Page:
- Special Sections
- Public Notices
First, a disclaimer: I love my job. Other than professional cupcake taster or someone who gets paid to sit on a beach somewhere, I wouldn’t want to do anything else.
I love listening to people’s stories and then retelling them in print. I love crafting sentences, slipping in a fun or surprising word or phrase, purposefully breaking the rules of grammar.
OK, disclaimer’s over. Now let me tell you about stress.
When I told Sharon Skeele-Hogan, Inverness special event director, about this “stressful jobs” project I was working on, she asked, “Who’s going to write about you?”
So here goes. Here’s my take on the stress of being a newspaper reporter.
The newspaper comes out every single day, which is a good thing. But it comes out Every. Single. Day. That means we have to have stories and photos to fill the pages. Daily.
I call it “feeding the beast.” The editor (who is not at all beastly; he’s actually a very nice guy) comes around daily with his clipboard and asks, “Whatcha got for tomorrow’s paper?”
Sometimes I’ll look at him and lament, “But I had five stories in today’s paper!”
He’ll smile and say, “I know. Whatcha got for tomorrow?”
Once upon a time, we had 10 or so reporters and three photographers on beast-feeding duty, but now we’re down to six reporters and one full-time photographer. The beast has also gotten smaller, but it still needs to be fed. Every. Day.
On any given day we come in to work with our day all planned, with a general idea of what story or stories we’re working on, who we need to call or go see and what type of photos we need.
But the plan rarely goes as planned. The person we need to talk to by noon for a story due at 3 p.m. decides to go out of town for the day and shuts his or her phone off. Or the outdoor event we’re covering for the next day’s front page gets rained out.
As the beast roars to be fed, we scramble for a Plan B to feed it.
We are human and make mistakes. We put the wrong name with a photo, like I did a few months ago (sorry, Tom Chancey). We offend people without meaning to. People call and yell at us because their paper’s wet.
If we write about widget shops in Citrus County and do our best to include all seven that are listed in the phone book, once the story comes out, widget shop number eight — with an unlisted number — will call and yell because we didn’t include them.
A lot of people think we know everything that’s going on. A lot of people think we don’t know anything. All people think we should know everything.
People call to tattle on their neighbors and want us to write about it. People who are in serious pain, emotional or physical or financial, call, wanting us somehow to make their pain go away. People call trying to scam the community, telling us their story, which turns out to not be true. So, we start disbelieving everyone.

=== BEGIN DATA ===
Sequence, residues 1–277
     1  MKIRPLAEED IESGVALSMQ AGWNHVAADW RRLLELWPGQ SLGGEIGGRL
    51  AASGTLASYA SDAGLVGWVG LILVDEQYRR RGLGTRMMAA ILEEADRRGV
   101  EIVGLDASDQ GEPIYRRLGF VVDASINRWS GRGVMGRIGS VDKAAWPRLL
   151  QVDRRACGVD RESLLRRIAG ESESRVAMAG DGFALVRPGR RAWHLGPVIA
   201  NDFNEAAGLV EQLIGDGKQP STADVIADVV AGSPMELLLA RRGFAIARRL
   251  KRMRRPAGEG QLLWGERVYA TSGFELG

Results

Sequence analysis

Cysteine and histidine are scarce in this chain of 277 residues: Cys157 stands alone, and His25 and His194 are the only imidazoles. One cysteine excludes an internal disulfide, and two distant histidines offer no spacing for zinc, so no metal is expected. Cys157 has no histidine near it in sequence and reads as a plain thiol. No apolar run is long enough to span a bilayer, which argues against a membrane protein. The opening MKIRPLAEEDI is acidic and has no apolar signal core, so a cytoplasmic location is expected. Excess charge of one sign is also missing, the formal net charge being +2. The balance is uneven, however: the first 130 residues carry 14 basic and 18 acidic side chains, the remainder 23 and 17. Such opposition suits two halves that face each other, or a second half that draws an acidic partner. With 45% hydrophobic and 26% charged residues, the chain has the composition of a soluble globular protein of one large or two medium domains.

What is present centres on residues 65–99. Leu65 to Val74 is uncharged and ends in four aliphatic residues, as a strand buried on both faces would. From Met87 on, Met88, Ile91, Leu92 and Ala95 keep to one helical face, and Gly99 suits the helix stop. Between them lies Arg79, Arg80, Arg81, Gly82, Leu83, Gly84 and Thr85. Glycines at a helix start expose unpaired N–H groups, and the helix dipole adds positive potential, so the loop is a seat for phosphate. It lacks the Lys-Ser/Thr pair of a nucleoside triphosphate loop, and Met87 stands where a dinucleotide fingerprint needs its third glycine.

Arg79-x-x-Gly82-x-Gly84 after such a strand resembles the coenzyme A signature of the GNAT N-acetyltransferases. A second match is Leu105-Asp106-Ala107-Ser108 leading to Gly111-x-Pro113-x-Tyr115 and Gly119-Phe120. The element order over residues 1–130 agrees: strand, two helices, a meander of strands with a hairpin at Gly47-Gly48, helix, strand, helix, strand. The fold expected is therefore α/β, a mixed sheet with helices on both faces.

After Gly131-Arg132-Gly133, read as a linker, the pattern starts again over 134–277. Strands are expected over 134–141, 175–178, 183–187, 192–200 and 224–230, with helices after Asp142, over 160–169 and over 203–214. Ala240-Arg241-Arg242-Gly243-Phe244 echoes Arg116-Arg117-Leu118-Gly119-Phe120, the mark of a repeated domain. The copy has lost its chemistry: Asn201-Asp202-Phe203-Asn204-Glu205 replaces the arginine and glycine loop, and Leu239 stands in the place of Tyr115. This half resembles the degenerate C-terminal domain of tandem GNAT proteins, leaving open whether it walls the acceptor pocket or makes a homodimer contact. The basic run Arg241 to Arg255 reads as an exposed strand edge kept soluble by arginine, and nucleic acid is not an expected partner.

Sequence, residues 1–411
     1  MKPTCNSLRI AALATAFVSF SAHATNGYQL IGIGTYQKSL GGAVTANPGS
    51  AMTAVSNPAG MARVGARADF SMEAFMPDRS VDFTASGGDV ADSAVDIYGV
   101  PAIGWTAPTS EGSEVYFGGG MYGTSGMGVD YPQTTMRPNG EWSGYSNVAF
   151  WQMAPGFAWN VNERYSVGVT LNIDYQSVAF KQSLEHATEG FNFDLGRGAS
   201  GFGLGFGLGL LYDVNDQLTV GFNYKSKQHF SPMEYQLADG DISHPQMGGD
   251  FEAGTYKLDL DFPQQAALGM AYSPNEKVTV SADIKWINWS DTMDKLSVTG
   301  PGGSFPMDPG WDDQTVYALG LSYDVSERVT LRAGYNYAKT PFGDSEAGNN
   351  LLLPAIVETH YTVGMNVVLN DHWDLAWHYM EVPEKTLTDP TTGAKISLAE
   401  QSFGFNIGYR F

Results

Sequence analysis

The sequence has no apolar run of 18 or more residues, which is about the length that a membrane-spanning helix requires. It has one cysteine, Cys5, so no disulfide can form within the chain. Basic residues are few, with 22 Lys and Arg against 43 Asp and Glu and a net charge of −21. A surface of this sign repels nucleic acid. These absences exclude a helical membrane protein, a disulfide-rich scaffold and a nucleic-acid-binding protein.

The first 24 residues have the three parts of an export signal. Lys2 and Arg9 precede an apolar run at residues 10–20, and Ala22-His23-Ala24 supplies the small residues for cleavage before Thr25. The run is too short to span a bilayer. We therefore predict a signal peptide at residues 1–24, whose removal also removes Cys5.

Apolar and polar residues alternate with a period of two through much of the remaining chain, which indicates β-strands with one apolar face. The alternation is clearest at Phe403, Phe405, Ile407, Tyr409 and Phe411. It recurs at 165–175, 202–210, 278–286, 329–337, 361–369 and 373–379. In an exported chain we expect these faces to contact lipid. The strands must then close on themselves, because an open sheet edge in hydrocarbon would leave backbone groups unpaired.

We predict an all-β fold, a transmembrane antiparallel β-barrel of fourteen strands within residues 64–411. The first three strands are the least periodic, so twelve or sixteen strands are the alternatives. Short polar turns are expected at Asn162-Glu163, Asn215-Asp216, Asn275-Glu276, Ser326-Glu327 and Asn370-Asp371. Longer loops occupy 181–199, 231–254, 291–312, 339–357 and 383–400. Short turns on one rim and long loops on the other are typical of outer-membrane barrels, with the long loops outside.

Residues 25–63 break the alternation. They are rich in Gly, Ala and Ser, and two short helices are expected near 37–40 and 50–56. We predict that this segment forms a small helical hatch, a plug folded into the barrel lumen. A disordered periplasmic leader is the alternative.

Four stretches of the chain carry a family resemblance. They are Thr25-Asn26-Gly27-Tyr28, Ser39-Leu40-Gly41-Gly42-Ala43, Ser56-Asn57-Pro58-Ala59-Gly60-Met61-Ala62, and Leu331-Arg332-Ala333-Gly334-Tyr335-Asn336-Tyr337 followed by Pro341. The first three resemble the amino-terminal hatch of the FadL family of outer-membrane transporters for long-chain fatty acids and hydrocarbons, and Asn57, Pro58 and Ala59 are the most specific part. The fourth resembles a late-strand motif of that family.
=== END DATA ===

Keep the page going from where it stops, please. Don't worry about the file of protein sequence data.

Some people don’t understand the community nature of who we are as a paper, and make fun of us because we focus on local issues and events. They think we’re rinky dink amateurs. They call our paper the Citrus County Comical and the Mullet Wrapper.
I write a weekly religion column, which is a topic fraught with opportunity to offend. Some people don’t understand hyperbole or humor and take offense or misunderstand me. Others want to debate theology with me, and I simply don’t have the time for extended debates. I will answer a person three times and no more; otherwise, my head explodes.
Another stressor is not being able to cover every event, especially when there are several on the same day at the same time. We sincerely hate to disappoint people, but we do. A lot.
I could go on and on, but frankly, that would only stress me out even more and probably bore you.
So, what do we newspaper reporters do about our stress? I can’t speak for my co-workers, but I try to come to work as early as I can. My day officially starts at 8 a.m., but I like to get to my desk as close to 7 a.m. as possible so I can breathe, read the paper, drink my decaf, all before the craziness starts. I’m a natural early bird, so that fits me just fine.
Because I come in early, I don’t feel guilty about leaving early, which gives me time to hit the gym on my way home. Plus, I get at least eight hours of sleep at night, and I sleep soundly.
About 23 years ago, when we first moved to Citrus County, our kids were older and my husband told me it was time I got a “real” job. (Prior to that, I had done freelance magazine writing.)
But I didn’t want a “real” job — I wanted to write.
Although writing is a real job, I don’t consider what I do a job. Despite all its stresses, for me this is still less of a job than a calling. It’s something I feel I was born to do, and I wouldn’t want to do anything else.
Except maybe sit on a beach eating cupcakes.
Contact Chronicle reporter Nancy Kennedy at 352-564-2927 or email@example.com.